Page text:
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OC: Gaming Performance

Moving on to our gaming performance section, let’s see what our 15% overclock can do for gaming performance. Assuming the 7970GE’s performance continues to scale well with clockspeeds, we should see around a 10-12% real world performance gain.

Starting as always with Crysis, what was already an incredible lead for the 7970GE becomes increasingly absurd. The 7970GE OC sees a further 8% performance improvement here, pushing it past 60fps at 1920 and past 40fps at 2560. Against the stock GTX 680 it’s now leading by 35% on average framerates.

Minimum framerates on the other hand haven’t changed by nearly as much. Given what we know about PT Boost and Crysis’s love of memory bandwidth, it’s reasonable to assume we’re being held back by memory bandwidth limits here.

Moving on to Metro, the 7970GE once again gains 8-9% due to our overclock. The earlier 56W jump in power consumption at the wall makes it an expensive gain, but as it stands this is by far the fastest we’ve seen a single-GPU card perform at Metro.

With Batman we once more see gains of around 9% from our overclock. Even at 2560 our framerates are now in excess of 70fps.

With Portal 2 being one of the 7970GE’s biggest defecits relative to the GTX 680, a solid overclock can help to close the gap but it’s not enough to eliminate it. Still, it’s enough to push the average framerate over 60fps at 2560 with SSAA. The overall scaling from the overclock also looks very good here, with the 7970GE OC picking up a larger than normal 11-12%.

Finally we have AMD’s other notable weak spot, Battlefield 3. Much like with Portal 2 overclocking can’t eliminate the GTX 680’s lead, but it can significantly cut into it. At 2560 and at 1920 with MSAA this is enough to push past 60fps, making for a solid 10% performance gain from overclocking.

OC: Power, Temperature, & Noise Final Words
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  • piroroadkill - Friday, June 22, 2012 - link

    There will be custom designs with nice quiet coolers flooding the market in no time.. Reply
  • raghu78 - Friday, June 22, 2012 - link

    http://www.tomshardware.com/reviews/radeon-hd-7970...

    "There’s a silver lining on this one, though. Ahead of this review, I let AMD know about our acoustic concerns and the company claims that most partner boards will employ third-party cooling, not its reference configuration."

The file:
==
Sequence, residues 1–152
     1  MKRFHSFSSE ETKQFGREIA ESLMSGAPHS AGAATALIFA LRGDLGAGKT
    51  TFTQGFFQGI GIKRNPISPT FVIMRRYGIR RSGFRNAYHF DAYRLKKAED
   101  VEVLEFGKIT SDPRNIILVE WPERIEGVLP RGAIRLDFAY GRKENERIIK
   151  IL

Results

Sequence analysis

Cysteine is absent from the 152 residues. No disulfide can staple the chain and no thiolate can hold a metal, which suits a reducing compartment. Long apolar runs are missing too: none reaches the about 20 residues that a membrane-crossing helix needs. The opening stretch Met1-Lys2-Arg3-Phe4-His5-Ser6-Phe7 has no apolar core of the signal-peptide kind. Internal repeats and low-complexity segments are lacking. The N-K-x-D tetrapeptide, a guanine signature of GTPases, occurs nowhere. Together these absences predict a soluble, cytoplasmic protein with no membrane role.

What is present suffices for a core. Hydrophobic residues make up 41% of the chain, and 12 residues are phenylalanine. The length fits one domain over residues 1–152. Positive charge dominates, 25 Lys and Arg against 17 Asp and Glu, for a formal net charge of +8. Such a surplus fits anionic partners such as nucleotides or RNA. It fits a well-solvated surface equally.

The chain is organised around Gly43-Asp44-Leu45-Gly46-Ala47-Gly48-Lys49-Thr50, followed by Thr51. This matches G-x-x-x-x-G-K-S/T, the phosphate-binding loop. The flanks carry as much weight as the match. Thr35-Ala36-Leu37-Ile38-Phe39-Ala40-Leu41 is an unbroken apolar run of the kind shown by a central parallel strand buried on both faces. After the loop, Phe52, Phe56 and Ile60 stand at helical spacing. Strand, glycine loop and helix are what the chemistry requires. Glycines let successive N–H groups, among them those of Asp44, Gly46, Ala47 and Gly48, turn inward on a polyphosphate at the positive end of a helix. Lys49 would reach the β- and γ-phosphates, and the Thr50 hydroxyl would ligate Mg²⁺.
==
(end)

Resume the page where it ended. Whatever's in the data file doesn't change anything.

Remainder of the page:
So noise is not an issue at all. Cards like sapphire with dual x , gigabyte with windforce, powercolor with PCS+ have good cooler designs. Power will be more. But the Radeon HD 7970 Ghz edition frankly more than makes up for that with its performance at 1600p and multi monitor setups.

    If you are on a 1080p monitor and want perf/watt , price perf and a cooler setup go for custom GTX 670. For the rest who have 1600p or multi monitor frankly there is only one option - a custom Radeon HD 7970 card or a custom Radeon HD 7970 Ghz edition.
    Reply
  • CeriseCogburn - Saturday, June 23, 2012 - link

    Hogwash, the GTX 680's and GTX 670's are still SMOOTHER, and more enjoyable at high rez and multi monitor.

    Check the hundreds of reviews.
    Reply
  • Tuvok86 - Friday, June 22, 2012 - link

    AMD should have released a balanced 7970 in the first place, somewhere halfway in performance between the 7970 and GE. Now they have an overconservative card and an powerhungry monster Reply
  • Reikon - Friday, June 22, 2012 - link

    On page 3:
    "For AMD the 7970GE will be launching with the Catalyst 10.7 beta, while NVIDIA has released the 304.48 betas for the entire lineup."

    I think you mean 12.7
    Reply
  • Ryan Smith - Friday, June 22, 2012 - link

    Whoops. Thanks. Reply
  • fausto412 - Friday, June 22, 2012 - link

    Will these new Power Tune and overclocking advancements trickle down 6900 series cards to unleash more performance safely?

    What would prevent AMD from affective the 6990 with these new advancements?
    Reply
  • kyuu - Friday, June 22, 2012 - link

    These features would require a new BIOS. As far as I'm aware, AMD does not support flashing their cards with new BIOS. Anyway, there's nothing there that you can't acheive via normal overclocking anyway (asides from the slightly better chip binning). Reply
  • silverblue - Friday, June 22, 2012 - link

    ...Another Mention (of) Deterministic, it seems. Reply
  • gonchuki - Friday, June 22, 2012 - link

    Did you try reaching AMD to comment on the rather low performance ceiling on Skyrim? looks as if their drivers are way more CPU hungry than Nvidia's and that's why they are getting capped at a lower rate.
    Maybe that's what usually hinders performance in other CPU limited titles like WoW?
    Reply

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